Dental Hygiene

Oral hygiene is important to your health. A variety of conditions may arise due to the lack of proper oral hygiene such as bad breath, dental cavities, toothaches and gum disease. Prevention is the key to good dental health.

For example, the number of cavities can be reduced by the following:

  1. Nutritional counseling - consuming less simple sugar (sucrose or table sugar) will reduce the number of acid- producing bacteria in the mouth. Adequate dietary calcium, phosphorous, vitamins A, D, and C promote healthy and strong enamel formation.

  2. Home oral hygiene - frequent tooth brushings help reduce acid plaque damage to enamel, while frequent flossing removes the acid plaque from the smooth surfaces between teeth. If one cannot brush and floss immediately after a meal, he/she should try chewing self-cleaning foods at the end of the meal. These include apples and celery that are crunchy and help sweep away food debris and plaque. Chewing sugarless gum for a few minutes at the end of a meal can also help.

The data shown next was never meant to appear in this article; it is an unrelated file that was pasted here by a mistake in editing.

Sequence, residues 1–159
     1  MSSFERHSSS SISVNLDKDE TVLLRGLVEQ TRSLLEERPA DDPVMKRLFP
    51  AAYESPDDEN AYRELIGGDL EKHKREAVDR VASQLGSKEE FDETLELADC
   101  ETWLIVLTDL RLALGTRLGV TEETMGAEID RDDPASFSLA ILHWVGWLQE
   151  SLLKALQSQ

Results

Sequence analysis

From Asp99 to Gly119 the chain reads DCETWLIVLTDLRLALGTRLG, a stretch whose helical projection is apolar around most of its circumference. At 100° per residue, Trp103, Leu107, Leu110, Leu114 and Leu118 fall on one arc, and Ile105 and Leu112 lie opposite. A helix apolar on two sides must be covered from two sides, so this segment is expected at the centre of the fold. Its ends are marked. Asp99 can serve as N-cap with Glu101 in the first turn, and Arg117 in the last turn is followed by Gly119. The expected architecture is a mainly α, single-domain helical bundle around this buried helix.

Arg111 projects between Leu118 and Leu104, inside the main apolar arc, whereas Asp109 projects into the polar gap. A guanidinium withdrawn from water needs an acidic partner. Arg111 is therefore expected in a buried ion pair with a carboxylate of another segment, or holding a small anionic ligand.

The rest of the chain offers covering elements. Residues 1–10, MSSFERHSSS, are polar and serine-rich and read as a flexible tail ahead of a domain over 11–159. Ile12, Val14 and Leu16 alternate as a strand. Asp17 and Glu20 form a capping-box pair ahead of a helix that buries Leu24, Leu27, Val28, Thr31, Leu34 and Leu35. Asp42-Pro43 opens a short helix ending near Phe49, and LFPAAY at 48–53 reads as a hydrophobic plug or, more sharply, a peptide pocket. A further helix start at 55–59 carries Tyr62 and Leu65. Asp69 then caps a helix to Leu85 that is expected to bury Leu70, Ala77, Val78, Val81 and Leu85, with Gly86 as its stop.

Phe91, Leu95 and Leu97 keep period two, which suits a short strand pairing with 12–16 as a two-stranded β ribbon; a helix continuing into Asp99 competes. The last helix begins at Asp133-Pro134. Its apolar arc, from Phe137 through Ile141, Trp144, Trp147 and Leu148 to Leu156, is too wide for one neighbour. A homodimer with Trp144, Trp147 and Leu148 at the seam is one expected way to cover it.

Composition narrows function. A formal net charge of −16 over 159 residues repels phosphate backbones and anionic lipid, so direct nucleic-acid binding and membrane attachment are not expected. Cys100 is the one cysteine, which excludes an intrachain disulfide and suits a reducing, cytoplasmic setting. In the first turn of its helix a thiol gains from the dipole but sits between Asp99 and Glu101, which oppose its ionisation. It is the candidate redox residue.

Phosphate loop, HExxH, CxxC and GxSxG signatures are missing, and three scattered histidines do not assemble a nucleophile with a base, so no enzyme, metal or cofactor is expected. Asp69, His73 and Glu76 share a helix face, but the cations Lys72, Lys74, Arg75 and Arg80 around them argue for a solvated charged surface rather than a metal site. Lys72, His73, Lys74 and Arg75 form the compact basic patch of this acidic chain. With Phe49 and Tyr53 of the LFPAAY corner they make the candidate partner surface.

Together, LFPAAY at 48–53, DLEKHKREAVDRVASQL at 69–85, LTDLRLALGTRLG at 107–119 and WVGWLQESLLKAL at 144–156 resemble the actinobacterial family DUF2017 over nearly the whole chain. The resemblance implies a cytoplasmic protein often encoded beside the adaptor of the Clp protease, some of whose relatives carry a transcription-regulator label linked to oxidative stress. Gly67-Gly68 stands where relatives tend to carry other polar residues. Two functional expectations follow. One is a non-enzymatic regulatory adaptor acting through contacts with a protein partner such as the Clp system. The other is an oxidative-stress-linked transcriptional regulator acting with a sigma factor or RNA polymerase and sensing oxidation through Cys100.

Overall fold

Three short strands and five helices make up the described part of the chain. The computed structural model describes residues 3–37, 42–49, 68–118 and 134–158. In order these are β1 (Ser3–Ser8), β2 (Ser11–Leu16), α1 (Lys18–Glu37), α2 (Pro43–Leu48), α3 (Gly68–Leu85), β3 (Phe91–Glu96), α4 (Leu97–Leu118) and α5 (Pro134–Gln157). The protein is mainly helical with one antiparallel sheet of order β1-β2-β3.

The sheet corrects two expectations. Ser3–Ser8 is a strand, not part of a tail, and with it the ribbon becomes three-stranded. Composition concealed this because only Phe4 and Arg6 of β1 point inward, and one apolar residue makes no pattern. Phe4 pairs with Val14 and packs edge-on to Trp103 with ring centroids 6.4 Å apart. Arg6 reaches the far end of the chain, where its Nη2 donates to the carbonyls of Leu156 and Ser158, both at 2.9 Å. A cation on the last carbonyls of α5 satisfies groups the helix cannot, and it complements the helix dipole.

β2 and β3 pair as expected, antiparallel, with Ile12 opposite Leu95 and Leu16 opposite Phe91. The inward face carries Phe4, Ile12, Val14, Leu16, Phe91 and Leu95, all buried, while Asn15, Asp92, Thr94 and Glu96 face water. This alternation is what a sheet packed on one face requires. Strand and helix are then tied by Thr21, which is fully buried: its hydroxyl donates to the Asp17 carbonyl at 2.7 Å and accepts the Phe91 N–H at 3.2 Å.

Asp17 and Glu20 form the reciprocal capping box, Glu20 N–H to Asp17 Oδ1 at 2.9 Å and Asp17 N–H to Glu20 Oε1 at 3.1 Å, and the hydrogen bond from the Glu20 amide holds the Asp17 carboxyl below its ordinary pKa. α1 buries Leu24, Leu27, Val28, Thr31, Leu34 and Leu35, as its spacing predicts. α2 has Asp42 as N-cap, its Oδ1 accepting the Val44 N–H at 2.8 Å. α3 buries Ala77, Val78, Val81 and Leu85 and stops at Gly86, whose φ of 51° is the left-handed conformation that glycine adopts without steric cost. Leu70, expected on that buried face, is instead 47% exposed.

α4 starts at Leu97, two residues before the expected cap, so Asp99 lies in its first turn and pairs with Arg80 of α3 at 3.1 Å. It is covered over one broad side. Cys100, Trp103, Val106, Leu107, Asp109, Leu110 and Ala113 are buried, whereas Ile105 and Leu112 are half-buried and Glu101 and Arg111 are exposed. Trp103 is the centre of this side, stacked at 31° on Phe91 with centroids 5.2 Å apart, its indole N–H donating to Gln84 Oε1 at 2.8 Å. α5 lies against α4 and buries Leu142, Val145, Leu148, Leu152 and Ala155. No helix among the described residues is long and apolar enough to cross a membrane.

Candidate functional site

3. Eating fewer snacks in between meals - every snack is followed by an "acid attack" on the teeth. Therefore, snacking all day causes the teeth to be bathed in acid continuously. Fewer snacks and eating desserts only with meals help to reduce the number of "acid attacks" on teeth.

  4. Fluorides - oral fluorides (fluoride tablets or fluoridated water) strengthen the developing enamel and dentin layers of children's teeth before they erupt. Topical fluorides fill in the pores of immature enamel or small early cavities and reduce cavities in already erupted teeth. Topical fluorides are usually painted on by the dentist, and later supplemented at home with topical fluoride gels.

  5. Sealants - sealants are plastic coatings painted on the pits and fissures of chewing surfaces of back teeth (molars and bicuspids), and are highly effective in preventing cavities. Sealants are recommended for all permanent molars in children. They are also used to reduce cavities in baby teeth and in adult teeth that are cavity prone. The procedure is simple and painless, and no anesthesia is required.

For much more about dental hygiene and dental care, please read the following MedicineNet.com articles:


Last Editorial Review: 7/7/2004